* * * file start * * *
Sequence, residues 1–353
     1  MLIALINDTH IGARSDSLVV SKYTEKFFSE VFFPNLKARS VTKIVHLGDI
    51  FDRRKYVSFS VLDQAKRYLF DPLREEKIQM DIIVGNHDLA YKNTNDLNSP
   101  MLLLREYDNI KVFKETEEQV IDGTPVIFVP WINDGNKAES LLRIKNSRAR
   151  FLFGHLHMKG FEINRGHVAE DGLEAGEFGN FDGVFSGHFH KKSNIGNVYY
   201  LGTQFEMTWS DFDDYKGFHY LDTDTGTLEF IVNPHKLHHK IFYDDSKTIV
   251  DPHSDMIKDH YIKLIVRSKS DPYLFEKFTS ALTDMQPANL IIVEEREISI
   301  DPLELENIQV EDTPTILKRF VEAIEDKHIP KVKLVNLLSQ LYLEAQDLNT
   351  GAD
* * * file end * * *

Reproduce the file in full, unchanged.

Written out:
Sequence, residues 1–353
     1  MLIALINDTH IGARSDSLVV SKYTEKFFSE VFFPNLKARS VTKIVHLGDI
    51  FDRRKYVSFS VLDQAKRYLF DPLREEKIQM DIIVGNHDLA YKNTNDLNSP
   101  MLLLREYDNI KVFKETEEQV IDGTPVIFVP WINDGNKAES LLRIKNSRAR
   151  FLFGHLHMKG FEINRGHVAE DGLEAGEFGN FDGVFSGHFH KKSNIGNVYY
   201  LGTQFEMTWS DFDDYKGFHY LDTDTGTLEF IVNPHKLHHK IFYDDSKTIV
   251  DPHSDMIKDH YIKLIVRSKS DPYLFEKFTS ALTDMQPANL IIVEEREISI
   301  DPLELENIQV EDTPTILKRF VEAIEDKHIP KVKLVNLLSQ LYLEAQDLNT
   351  GAD